My husband and I decided not to repeat the endoscopy (Alexander doesn’t need anesthesia if he absolutely doesn’t have to) but I decided to start a gluten free diet in January 2011. I could tell that Alexander was not absorbing nutrients like the rest of the family. We all take a whole food supplement which has been scientifically proven to boost the immune system but Alexander was still getting sick and the rest of the family were not. My husband was not keen on the idea of Alexander going gluten free. He felt we were likely to see some positive benefit and then I would decide Alexander should be gluten free for life and if he didn’t REALLY need to be this would create another burden for Alexander that he could do without.
At first the special education case manager and the paras at Alexander’s school wanted me to put him back on gluten because they were seeing no benefits at school but at home we quickly saw changes, for the better, in his behaviour. Within just a couple of weeks these changes were obvious to those at home as well as at school.
At the beginning of March, 2011 we had a follow up visit with the gastroenterologist. I had requested that we determine if he had the genetic make up for celiac disease because if that was negative then there would really be no need for the endoscopy. The Doctor had wanted to repeat his celiac panel lab work but he would have had to have been consuming gluten and again, I didn’t want to do that. She did, at the last minute, decide we would repeat the panel even though he wasn’t consuming gluten and the results really surprised her.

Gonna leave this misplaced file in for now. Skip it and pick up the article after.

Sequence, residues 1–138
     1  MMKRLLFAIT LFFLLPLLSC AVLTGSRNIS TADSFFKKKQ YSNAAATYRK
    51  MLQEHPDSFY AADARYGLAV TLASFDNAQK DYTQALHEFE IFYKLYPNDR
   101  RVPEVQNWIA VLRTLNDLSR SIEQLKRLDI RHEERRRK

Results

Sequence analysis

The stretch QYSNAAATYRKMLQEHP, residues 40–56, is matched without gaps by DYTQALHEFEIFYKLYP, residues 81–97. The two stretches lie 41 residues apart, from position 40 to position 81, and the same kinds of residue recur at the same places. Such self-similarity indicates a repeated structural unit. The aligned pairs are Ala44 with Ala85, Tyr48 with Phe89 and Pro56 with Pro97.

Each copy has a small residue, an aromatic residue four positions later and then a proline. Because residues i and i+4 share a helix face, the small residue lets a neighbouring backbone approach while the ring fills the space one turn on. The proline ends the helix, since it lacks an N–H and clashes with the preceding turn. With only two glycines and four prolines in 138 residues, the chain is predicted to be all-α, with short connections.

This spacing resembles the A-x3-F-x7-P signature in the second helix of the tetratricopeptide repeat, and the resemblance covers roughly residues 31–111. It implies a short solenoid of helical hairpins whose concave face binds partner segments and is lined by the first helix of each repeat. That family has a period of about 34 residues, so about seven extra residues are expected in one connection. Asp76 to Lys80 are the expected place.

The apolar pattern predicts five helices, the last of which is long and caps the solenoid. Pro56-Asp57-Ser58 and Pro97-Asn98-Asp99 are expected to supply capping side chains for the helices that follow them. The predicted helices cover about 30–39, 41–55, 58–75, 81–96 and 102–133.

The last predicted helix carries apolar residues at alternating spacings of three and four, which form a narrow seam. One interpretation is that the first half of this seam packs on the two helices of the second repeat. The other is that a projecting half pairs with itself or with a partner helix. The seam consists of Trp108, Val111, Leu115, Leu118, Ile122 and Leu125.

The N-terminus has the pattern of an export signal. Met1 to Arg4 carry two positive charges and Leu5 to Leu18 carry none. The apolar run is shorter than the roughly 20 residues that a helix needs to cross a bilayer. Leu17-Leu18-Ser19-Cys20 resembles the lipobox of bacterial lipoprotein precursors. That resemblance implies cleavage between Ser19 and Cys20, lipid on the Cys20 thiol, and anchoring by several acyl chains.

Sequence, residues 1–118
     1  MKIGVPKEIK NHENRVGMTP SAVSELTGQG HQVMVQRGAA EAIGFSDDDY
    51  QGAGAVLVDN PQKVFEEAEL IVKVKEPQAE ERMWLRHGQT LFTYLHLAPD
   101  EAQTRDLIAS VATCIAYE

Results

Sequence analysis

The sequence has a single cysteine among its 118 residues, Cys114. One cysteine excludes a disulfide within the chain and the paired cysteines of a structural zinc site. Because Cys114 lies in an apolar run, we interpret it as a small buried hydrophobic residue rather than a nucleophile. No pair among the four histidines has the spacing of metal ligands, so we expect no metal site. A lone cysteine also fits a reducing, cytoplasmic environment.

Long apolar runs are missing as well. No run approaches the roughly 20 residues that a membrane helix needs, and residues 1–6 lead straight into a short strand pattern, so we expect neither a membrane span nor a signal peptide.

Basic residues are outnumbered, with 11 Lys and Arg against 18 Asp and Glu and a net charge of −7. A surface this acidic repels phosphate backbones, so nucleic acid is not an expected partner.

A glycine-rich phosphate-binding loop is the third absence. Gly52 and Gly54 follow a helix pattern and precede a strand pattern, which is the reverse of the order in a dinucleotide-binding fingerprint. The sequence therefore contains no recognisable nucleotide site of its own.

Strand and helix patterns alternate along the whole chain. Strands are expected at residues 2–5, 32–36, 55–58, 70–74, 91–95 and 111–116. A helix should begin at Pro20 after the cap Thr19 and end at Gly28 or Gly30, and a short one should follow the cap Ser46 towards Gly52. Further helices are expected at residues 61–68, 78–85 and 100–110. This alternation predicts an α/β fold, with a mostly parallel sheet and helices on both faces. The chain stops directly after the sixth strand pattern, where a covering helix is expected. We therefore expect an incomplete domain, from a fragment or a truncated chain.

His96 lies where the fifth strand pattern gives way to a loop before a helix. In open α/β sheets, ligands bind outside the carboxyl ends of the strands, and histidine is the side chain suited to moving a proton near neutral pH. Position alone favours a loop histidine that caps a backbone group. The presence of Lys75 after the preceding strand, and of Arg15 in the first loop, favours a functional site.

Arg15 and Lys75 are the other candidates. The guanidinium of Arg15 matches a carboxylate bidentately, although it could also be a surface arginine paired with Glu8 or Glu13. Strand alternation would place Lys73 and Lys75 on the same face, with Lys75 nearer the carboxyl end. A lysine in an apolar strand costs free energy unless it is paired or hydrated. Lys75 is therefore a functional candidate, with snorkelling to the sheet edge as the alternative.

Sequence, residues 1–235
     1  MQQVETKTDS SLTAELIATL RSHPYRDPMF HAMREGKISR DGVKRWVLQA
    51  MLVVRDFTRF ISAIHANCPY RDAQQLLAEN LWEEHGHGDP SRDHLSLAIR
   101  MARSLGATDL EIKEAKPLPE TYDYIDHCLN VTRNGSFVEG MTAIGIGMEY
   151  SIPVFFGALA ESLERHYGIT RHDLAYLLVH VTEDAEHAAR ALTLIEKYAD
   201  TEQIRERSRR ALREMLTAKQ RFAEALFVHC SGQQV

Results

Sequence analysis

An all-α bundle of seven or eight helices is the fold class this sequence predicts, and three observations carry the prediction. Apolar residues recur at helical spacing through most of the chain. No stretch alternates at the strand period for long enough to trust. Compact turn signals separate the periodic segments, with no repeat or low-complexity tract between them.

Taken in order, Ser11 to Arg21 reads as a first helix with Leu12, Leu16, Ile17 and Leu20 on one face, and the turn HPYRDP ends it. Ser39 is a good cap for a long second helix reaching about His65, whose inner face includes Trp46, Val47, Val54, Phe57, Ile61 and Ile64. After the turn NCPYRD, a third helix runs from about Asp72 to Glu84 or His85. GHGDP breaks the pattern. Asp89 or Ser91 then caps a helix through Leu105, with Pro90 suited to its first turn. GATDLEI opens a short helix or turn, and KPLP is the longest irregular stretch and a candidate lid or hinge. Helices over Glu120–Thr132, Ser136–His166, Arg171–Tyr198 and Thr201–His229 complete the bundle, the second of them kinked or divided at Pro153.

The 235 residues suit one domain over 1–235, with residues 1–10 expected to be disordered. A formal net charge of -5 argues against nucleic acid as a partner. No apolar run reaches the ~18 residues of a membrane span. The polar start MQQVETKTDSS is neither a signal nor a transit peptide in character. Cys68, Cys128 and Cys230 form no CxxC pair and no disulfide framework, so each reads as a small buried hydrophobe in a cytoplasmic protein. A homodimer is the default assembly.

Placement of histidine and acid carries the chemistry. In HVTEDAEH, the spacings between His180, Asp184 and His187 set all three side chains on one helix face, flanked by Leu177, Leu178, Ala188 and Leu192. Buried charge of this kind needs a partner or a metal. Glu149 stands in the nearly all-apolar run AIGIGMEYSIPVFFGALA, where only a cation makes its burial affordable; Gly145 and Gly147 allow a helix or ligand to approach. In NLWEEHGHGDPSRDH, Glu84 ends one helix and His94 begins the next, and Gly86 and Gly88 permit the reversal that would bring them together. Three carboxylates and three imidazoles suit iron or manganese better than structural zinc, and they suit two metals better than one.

The genetic test for celiac, the HLA DQ2 and DQ8 were both positive but more amazing was that the Gliadin IgG, which had been at over 100 was suddenly at 7 and his Gliadin IgA was now at 2.9 and that had started at 25. NOW, the Doctor, who also thought that the elevated IgG had been insignificant, thinks he has celiac disease. Go figure!!!!
Even more interesting was that I had picked up a free magazine at vitamin cottage and there was a fantastic article on allergies. here is what it said:
“Unlike immediate or immunoglobulin E (IgE) food allergies, which cause more obvious emergency reactions, delayed food or immunoglobulin G (IgG) allergies – more accurately called food intolerances – may not surface for hours or days and can cause less severe symptoms like wheezing, coughing, nasal congestion, skin rash, or digestive change. Because many people never associ ate these warning signs with foods that they eat, they don’t realize the burden they’re placing on their immune system.
Common IgG culprits include dairy, wheat, corn, soy, yeast and nuts. ” Says Michael Smith, ND, a naturopathic physician.
My Husband is now also a believer and is working hard to keep Alexander off gluten. We went to the Pirate Exhibit and the Natural History museum and I let Alexander eat a chicken dish. After I also ate some I realized it had a flour sauce. The next morning Alexander cried for an hour that his stomach hurt and I ended up an hour later with poop all over my kitchen floor – which brings me back to the beginning of the article. Some days you have to be ready to clean poop out of the grooves on your kitchen floor….
[This blog post was written by CSDSA member Suzanne Faber. You can find more about the Faber family journey at http://lifewithanangelisfun.blogspot.com]